Swiftpack.co - Package - convertigo/c8osdk-ios

C8oSDK iOS

License Travis Status

TOC

Introduction

About SDKs

This is the Convertigo library for native swift iOS

Convertigo Client SDK is a set of libraries used by mobile or Windows desktop applications to access Convertigo Server services. An application using the SDK can easily access Convertigo services such as Sequences and Transactions.

The Client SDK will abstract the programmer from handling the communication protocols, local cache, FullSync off line data management, UI thread management and remote logging. So the developer can focus on building the application.

Client SDK is available for:

This current package is the Native iOS SDK. For others SDKs see official Convertigo Documentation.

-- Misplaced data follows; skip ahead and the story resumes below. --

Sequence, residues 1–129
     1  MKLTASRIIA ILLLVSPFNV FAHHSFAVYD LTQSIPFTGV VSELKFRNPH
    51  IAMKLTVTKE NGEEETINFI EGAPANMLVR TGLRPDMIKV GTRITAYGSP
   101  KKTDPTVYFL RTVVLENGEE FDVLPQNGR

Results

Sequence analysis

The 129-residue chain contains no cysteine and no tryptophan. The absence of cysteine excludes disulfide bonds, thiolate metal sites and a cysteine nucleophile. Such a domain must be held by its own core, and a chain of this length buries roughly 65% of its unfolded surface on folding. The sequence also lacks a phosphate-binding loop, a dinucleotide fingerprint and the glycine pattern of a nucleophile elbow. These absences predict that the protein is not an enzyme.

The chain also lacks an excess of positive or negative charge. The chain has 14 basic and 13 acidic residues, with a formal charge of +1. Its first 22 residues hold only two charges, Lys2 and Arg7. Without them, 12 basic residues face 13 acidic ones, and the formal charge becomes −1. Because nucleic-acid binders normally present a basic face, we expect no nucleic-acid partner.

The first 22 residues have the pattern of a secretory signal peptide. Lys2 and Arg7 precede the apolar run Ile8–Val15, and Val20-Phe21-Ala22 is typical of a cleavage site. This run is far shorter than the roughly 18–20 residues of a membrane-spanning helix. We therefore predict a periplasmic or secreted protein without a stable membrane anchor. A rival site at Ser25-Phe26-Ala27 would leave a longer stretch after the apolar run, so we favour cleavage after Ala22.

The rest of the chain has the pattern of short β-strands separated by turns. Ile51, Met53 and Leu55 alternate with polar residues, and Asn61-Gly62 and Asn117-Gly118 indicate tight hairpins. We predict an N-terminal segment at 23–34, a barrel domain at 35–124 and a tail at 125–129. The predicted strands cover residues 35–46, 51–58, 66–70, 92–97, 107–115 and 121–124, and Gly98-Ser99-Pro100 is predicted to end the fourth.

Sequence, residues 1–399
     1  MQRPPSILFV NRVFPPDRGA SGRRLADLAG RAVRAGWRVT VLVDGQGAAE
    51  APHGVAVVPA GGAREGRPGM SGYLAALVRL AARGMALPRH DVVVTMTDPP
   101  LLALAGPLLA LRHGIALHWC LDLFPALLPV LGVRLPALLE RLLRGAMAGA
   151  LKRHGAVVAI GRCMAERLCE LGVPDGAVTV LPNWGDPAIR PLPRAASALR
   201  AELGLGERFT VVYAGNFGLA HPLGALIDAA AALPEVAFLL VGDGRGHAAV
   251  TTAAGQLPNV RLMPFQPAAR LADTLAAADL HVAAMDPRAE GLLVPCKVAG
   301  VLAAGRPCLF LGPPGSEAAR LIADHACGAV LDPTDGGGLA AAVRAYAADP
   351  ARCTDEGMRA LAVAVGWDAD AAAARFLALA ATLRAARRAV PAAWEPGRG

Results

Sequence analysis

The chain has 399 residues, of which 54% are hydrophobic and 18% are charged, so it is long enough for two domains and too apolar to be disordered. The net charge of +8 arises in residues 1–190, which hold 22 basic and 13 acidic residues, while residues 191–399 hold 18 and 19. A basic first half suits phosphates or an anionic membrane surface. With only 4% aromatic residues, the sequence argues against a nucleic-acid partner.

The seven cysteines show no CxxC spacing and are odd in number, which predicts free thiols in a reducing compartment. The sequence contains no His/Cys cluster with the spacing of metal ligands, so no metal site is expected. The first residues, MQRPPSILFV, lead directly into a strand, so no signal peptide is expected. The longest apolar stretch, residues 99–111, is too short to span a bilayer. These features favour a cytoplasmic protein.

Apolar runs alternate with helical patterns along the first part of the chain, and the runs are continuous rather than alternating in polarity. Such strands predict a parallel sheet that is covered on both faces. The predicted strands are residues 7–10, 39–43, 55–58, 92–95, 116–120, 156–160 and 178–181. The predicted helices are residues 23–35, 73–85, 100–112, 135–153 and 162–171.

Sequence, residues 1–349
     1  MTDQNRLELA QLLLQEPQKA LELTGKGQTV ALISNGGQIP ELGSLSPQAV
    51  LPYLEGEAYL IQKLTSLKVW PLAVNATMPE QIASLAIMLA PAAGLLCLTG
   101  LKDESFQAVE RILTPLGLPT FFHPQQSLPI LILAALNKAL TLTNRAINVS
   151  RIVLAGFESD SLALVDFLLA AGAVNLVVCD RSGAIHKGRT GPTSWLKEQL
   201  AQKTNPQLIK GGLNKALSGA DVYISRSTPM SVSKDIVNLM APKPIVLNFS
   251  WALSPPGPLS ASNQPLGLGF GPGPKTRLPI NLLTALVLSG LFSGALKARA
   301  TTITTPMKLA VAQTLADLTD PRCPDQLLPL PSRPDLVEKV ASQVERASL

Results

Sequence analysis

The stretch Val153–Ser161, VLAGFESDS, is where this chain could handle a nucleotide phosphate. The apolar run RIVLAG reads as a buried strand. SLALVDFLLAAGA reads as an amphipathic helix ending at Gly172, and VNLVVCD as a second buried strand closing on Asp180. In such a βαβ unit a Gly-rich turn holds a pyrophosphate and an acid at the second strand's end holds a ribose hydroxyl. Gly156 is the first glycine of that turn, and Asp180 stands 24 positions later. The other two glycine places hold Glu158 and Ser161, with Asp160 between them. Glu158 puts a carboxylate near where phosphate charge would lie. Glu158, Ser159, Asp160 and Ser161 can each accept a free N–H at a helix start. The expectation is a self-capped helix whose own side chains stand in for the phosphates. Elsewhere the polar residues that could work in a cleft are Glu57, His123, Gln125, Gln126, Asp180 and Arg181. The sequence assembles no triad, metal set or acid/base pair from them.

About Convertigo Platform

Convertigo Mobility Platform supports native iOS developers. Services brought by the platform are available for iOS clients applications thanks to the Convertigo MBaaS SDK. SDK provides an iOS framework you can use to access Convertigo Server’s services such as:

  • Connectors to back-end data (SQL, NoSQL, REST/SOAP, SAP, - WEB HTML, AS/400, Mainframes)
  • Server Side Business Logic (Protocol transform, Business logic augmentation, ...)
  • Automatic offline replicated databases with FullSync technology
  • Security and access control (Identity managers, LDAP , SAML, oAuth)
  • Server side Cache
  • Push notifications (APND, GCM)
  • Auditing Analytics and logs (SQL, and Google Analytics)

Convertigo Technology Overview

Access Convertigo mBaaS technical documentation

Access Convertigo SDK Documentations

Requirements

  • Cocoapods >= 1.5.3
  • Xcode >= 9.4

Installation

Create a PodFile with :

    use_frameworks!

	target 'MyApp' do
	  pod 'C8oSDK', '2.3.3'
	end

Then type:

$ pod install

Restart Xcode and open the .xcworkspace